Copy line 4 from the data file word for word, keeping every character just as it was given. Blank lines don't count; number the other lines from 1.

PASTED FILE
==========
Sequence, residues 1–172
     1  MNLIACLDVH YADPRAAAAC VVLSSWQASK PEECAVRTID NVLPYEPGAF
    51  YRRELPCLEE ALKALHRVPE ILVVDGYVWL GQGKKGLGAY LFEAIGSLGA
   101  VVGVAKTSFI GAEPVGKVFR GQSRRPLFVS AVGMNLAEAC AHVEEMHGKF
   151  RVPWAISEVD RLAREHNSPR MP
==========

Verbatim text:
   101  VVGVAKTSFI GAEPVGKVFR GQSRRPLFVS AVGMNLAEAC AHVEEMHGKF